Dariia Dziuba's English Language School

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Title: Warming Up Short Days and Long Nights in Iceland (The New York Times, Kugel S., 27/12/2011)
Created by Dariia Dziuba

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Reykjavik is a clean, cozy city of 120,000 that has a reputation as . The creativity distinction seemed right: Iceland has more than its share of writers, poets and musicians, and, in the capital, plenty of Icelandic fashion brands were for sale. But the party talk seemed a little exaggerated, at least in winter — I found weekend madness, but not seven-day-a-week debauchery. After spending an evening at Boston (Laugavegur 28b), a cramped bar with an arty reputation, though, I can verify that Icelanders . A pint of Viking lager was 850 kronur — not cheap, but I’ve seen worse, and there was no cover.

Dining was another challenge. , so I shopped at the supermarket, as well as at the Kolaporthid weekend flea market, where I found great breads and strong Icelandic licorice that looked like cellphone cables but tasted much better. — especially the famed lamb hot dogs for 350 kronur — but by far the best deal I found was thanks to the Thai population, one of several East Asian immigrant groups chipping away at Iceland’s blonds-only image. At Noodle Station (Skolavorthustigur 21a), friendly women carefully assembled a vegetarian noodle soup (650 kronur) — .

Lodging was easier. The Baldursbra Guesthouse is a guidebook favorite — not usually my thing. But a last-minute reservation for one was only 6,500 kronur, over a third off its summer rates. (The owners, Evelyne Nihouarn and Philippe Le Bozec, recommend booking two months in advance for summer stays.) The mismatched twin beds and shared (but spotless) bathrooms were minor letdowns, but the breakfast spread , and the owners, a French couple from Brittany, were incomparable hosts. Ms. Nihouarn helped me make all my plans — attention she said she did not have time — and Mr. Le Bozec regaled me with stories of being a fisherman back home and prepared two thermoses of hot coffee for my ill-fated trip to Vik. (He also rushed into my room when I slept through my alarm the morning of my flight out.)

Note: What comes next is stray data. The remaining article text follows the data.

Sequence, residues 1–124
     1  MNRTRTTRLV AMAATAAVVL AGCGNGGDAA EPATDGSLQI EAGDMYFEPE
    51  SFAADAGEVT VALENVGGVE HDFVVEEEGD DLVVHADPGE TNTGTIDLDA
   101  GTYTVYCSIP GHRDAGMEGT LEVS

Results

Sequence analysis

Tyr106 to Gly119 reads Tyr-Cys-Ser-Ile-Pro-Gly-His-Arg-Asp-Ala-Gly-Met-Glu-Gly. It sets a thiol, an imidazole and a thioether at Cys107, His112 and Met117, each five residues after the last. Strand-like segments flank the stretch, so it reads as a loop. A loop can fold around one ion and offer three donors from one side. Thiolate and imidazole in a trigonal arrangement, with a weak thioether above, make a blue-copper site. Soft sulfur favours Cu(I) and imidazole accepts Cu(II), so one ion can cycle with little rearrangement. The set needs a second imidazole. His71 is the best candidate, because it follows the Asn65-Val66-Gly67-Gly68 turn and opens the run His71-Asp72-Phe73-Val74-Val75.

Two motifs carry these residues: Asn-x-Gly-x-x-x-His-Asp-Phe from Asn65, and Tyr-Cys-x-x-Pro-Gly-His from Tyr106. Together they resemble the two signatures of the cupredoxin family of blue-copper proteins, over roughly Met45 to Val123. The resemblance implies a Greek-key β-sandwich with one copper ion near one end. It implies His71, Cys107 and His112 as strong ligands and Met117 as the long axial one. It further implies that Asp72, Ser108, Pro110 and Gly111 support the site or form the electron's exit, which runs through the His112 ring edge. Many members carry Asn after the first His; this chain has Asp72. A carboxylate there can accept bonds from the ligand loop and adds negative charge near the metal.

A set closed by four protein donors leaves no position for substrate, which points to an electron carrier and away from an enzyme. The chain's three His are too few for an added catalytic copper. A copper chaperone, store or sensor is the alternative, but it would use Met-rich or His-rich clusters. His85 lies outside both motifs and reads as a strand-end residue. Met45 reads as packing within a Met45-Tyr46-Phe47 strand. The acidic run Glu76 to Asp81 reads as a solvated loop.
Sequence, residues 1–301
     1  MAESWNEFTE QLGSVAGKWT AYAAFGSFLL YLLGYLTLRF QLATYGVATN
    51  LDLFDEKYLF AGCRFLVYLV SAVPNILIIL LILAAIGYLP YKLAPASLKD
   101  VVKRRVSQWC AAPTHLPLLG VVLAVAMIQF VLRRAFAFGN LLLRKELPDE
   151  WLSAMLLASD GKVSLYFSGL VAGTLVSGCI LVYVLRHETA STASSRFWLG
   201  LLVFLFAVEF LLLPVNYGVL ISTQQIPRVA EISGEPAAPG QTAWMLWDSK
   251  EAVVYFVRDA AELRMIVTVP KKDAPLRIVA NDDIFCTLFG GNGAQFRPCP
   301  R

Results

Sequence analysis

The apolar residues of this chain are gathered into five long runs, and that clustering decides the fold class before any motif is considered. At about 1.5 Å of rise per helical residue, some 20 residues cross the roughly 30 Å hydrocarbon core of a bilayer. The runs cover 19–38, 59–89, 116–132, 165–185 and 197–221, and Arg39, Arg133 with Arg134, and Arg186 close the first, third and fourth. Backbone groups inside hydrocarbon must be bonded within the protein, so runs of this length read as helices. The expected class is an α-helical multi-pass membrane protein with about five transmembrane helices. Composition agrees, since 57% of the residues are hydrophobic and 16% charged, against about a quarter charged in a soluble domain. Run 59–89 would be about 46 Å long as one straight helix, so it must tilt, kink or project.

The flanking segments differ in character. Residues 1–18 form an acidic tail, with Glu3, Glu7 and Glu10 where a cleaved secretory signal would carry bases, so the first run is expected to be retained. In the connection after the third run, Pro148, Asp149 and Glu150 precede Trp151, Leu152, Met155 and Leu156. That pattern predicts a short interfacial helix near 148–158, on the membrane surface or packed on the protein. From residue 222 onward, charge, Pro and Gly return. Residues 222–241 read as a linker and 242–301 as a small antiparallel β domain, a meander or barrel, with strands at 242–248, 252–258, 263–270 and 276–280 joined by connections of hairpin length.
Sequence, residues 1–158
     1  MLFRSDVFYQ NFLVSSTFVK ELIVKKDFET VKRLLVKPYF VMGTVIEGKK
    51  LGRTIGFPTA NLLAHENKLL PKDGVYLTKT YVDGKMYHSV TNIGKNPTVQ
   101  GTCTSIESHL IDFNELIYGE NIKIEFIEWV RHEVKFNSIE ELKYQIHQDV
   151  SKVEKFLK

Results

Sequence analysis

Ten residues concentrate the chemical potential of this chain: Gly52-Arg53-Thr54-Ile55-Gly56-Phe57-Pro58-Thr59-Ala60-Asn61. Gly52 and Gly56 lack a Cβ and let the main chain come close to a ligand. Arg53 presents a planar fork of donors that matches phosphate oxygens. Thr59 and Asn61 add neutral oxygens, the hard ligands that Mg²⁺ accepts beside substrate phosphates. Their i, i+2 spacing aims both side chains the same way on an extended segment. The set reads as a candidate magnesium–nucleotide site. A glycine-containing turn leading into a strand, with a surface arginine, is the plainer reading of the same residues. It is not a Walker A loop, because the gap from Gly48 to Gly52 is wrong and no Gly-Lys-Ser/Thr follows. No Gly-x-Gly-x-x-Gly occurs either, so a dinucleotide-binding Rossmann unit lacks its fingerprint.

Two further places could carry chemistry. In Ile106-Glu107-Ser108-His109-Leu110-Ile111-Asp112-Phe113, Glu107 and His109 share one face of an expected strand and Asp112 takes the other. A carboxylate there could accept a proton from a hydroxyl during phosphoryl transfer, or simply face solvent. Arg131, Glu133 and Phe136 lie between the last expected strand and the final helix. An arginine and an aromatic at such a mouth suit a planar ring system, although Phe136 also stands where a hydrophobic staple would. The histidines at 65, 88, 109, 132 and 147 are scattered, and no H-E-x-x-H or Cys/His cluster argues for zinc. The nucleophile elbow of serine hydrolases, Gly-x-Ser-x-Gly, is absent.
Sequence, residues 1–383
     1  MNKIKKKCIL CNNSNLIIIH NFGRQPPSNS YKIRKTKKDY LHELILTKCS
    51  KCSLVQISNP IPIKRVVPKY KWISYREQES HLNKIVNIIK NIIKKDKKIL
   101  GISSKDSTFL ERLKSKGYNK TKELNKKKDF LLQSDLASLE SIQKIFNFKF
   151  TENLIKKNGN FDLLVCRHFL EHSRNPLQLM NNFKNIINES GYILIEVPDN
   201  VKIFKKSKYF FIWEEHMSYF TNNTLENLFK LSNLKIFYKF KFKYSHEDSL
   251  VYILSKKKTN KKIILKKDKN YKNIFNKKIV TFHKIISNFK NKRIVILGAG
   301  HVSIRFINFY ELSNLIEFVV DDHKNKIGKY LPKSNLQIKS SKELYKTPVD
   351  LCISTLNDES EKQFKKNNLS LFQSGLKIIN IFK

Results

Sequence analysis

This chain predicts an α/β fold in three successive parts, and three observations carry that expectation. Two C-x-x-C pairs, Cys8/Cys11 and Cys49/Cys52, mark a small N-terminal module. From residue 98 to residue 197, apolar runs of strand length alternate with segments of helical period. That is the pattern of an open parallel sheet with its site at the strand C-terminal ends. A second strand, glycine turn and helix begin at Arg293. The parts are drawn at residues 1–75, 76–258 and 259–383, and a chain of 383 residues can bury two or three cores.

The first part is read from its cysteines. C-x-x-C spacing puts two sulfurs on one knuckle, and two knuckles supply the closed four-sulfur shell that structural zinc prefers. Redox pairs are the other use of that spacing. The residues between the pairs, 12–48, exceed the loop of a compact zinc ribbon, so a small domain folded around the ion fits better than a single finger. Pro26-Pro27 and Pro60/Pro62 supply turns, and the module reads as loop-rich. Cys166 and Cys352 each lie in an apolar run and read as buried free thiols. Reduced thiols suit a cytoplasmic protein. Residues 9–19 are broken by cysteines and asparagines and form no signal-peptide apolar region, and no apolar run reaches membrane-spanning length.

I had made the bold move to skip the famed Blue Lagoon, having heard that Icelanders, turned off by its $40 price tag, had largely stopped going. As a consolation, I bathed in Sundhollin, one of Reykjavik’s “hot pots,” (450 kronur) gets you what for Icelanders is a traditional activity: relaxing outdoors in geothermally heated pools.

My final stop was in Hveragerthi, a cute little town rumored to have a natural hot tub . I drove up to the end of the road, and trudged over a surreal landscape of lukewarm streams and geothermal steam blowing from holes in the earth like a dozen boiling tea kettles. I finally found the little pool, about the size of a bathtub. Seeing hypothermia in my future, I decided to simply dunk my hands in until they got toasty and stuck them back in my gloves.

A. I had missed on the way back from Reykjavik.
B. both a creative hot spot and a party town
C. nestled in the mountains behind it
D. Fast food was tolerable
E. blowing its top every 10 minutes or so.
F. drink heavily, dance a lot and are friendly to strangers
G. to give guests during busy summer months
H. The air temperature was around 25, degrees and I had no towel
I. of coffee, juice, granola, fruit and toast was great
J. the public pools scattered around the capital and where a small fee
K. a perfect dish to banish the winter chill
L. Sit-down meals can get pricey